April 7, 2017 – March 11, 2018, Exhibit Hall
Revolutions! 1917 showcases the incredible events that occurred worldwide from America’s official entry into the war and Russia’s upheavals from an Imperial state to popular rule. The battles on the Western Front and in other theaters and troubles on the home fronts also led to societal changes, mutinies and revolts.
While the common conception of the United States’ entry into the war on April 6, 1917 is one of unbridled patriotism and unified support, the country went through painful transitions and anti-war efforts. In the public debate over the draft in the Congress, invectives were hurled against conscription. It was seen by some as an effort to “Prussianize America…destroy democracy at home while fighting for it abroad…conscription is another word for slavery.”
A revolutionary concept in America was “Industrial Mobilization;” the government took over control of private businesses for the war effort. The Committee on Public Information was created for the “dissemination of ideas and emotion-rousing” and censorship.
In the days leading up to America’s entry into the war and then throughout its involvement, women played a large part, not just in the home front mobilization, but in the military. The dichotomy of American involvement in World War I was, of course, that America was in the war fighting to make the world safe for democracy, but many African Americans in the U.S. did not enjoy that very premise.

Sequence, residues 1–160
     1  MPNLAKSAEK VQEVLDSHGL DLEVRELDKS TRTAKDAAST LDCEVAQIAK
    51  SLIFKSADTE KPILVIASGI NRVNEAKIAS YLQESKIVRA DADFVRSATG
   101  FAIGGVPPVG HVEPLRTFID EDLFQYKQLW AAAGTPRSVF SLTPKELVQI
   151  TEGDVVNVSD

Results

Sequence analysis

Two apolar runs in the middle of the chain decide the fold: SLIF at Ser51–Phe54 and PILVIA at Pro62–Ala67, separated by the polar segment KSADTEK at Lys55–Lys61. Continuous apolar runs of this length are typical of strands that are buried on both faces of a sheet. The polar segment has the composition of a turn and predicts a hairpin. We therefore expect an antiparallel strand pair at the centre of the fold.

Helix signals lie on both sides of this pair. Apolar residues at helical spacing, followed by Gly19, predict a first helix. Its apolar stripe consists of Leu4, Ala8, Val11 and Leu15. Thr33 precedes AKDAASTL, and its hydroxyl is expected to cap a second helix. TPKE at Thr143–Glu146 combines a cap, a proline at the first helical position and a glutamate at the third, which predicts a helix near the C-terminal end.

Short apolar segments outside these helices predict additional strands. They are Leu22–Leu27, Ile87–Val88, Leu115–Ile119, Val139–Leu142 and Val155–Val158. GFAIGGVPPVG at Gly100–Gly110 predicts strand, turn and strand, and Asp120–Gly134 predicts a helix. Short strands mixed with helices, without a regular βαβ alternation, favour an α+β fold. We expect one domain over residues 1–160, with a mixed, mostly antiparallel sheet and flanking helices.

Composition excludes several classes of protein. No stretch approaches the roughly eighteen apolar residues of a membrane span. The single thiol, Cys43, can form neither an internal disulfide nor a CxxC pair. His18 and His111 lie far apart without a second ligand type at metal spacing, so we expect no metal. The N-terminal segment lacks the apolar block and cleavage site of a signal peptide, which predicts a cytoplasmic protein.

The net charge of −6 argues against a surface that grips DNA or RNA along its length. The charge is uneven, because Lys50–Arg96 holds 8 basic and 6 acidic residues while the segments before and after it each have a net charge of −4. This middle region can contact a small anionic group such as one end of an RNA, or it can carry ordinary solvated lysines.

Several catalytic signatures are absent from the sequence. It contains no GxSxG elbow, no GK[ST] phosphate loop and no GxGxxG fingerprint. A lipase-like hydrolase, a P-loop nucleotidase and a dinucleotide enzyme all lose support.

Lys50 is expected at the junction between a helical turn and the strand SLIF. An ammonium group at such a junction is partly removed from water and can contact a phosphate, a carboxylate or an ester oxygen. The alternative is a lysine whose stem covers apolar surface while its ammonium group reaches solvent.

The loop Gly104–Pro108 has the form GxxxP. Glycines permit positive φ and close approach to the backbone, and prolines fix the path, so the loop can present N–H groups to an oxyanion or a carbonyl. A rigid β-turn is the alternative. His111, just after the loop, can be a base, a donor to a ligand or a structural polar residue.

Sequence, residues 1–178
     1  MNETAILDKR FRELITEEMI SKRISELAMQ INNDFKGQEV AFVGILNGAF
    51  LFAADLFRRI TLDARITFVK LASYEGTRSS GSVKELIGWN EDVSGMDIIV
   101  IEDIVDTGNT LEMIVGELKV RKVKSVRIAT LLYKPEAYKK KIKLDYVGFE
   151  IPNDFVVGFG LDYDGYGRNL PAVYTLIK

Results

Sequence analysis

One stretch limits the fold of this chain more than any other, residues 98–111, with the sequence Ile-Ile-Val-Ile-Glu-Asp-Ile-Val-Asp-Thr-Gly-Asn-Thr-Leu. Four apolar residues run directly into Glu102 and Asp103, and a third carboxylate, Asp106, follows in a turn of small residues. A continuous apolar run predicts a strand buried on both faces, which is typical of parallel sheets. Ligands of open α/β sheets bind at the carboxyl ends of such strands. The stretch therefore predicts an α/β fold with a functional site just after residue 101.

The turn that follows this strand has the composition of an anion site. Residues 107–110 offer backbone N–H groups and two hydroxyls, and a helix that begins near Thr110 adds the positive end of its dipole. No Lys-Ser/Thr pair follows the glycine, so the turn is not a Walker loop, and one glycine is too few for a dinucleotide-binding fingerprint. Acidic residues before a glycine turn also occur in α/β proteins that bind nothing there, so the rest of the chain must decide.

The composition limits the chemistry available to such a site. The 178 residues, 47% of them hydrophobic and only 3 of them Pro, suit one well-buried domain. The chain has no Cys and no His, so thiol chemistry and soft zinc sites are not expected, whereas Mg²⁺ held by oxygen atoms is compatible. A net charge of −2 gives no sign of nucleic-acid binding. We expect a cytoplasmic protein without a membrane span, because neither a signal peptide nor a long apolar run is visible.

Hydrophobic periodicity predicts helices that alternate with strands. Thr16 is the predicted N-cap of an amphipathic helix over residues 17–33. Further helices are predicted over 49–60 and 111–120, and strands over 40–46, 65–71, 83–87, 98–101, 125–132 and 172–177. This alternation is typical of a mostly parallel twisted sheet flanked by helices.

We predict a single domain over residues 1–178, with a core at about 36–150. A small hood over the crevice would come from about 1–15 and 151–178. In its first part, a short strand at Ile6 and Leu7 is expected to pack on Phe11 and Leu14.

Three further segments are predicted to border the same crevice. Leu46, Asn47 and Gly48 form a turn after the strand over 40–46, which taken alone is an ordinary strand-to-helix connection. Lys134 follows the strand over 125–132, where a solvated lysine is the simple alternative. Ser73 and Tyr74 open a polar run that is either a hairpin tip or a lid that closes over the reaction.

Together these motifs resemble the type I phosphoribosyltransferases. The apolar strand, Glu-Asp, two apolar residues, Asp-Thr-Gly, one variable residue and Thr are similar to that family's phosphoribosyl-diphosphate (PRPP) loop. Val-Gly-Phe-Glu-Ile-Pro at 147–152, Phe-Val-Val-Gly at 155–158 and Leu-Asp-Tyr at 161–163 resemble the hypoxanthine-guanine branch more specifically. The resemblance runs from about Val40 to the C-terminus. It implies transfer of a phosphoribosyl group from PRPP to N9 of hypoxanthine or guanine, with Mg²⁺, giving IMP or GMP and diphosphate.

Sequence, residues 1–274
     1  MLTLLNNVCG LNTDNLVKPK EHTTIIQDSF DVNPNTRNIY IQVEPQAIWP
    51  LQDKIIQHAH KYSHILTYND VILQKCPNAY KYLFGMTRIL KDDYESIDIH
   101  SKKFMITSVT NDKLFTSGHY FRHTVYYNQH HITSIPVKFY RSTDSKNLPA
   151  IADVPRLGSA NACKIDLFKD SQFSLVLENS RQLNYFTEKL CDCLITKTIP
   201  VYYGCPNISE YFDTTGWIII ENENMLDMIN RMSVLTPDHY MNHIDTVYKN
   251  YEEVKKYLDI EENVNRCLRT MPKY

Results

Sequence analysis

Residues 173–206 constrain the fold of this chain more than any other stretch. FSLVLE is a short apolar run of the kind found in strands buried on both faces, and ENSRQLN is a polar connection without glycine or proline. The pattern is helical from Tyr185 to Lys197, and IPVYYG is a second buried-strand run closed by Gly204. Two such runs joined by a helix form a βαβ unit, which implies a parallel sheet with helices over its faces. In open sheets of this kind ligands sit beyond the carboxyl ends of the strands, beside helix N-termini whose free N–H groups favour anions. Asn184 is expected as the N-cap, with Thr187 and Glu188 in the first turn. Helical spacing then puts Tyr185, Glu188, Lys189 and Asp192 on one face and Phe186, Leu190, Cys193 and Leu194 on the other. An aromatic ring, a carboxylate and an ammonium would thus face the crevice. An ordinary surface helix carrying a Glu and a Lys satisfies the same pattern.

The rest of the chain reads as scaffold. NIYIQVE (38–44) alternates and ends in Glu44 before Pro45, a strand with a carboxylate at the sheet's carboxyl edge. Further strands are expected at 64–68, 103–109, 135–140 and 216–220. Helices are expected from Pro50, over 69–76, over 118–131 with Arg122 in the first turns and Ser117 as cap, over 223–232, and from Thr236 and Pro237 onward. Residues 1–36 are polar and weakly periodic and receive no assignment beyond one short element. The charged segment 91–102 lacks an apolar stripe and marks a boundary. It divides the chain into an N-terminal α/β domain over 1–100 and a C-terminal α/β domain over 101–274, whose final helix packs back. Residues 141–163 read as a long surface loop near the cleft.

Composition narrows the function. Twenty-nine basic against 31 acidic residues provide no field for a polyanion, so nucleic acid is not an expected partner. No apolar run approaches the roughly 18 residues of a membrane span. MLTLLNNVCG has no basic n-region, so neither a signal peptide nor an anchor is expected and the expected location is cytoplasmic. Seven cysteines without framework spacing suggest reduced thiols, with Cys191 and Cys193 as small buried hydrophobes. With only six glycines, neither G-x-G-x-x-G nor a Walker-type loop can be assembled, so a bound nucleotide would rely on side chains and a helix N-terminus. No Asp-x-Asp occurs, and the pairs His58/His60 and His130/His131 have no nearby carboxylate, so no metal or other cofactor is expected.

Russia reeled under revolutions and military uprisings. German sailors mutinied against low morale and mistreatment. More than 300,000 workers went on strike in Berlin, joining protesters against many shortages including food. French soldiers, many of them veterans of three years of fighting, refused to attack. From the Canadian troops’ actions at Vimy Ridge, Brigadier-General A.E. Ross declared after the war, “in those few minutes I witnessed the birth of a nation.”
Objects and documents on exhibit are from the Museum and Memorial’s extensive collection and most have not been exhibited before anywhere in the world. The exhibition also features items on loan from other institutions, including President Wilson’s original war proclamation (National Archives) included in the exhibition through Sept. 21, articles of President Wilson’s clothing (The President Woodrow Wilson House) and an American suffragette banner (Kansas City Museum).
Bag which contained the personal effects of 1st Lieutenant William Fitzsimons, sent home to his family in Kansas City.
Lt. Fitzsimons, an Army doctor, was the first American officer killed in the war.
Child's drum with images about America's entry into the war.
Flyer dropped by airplane by American aviatrix Ruth Law in 1917, Liberty Loan Drive.
Coat worn by an Anarchist sailor from the Russian navy.
German submariner's cap.
French poster from 1917 featuring a French poilu (infantry soldier) in the trenches.
Hand-held fan with images of U.S. leaders, 1917.
Program for President Wilson's Second Inauguration.
Russian cossack coat from the Osetia Regiment, the Wild Division.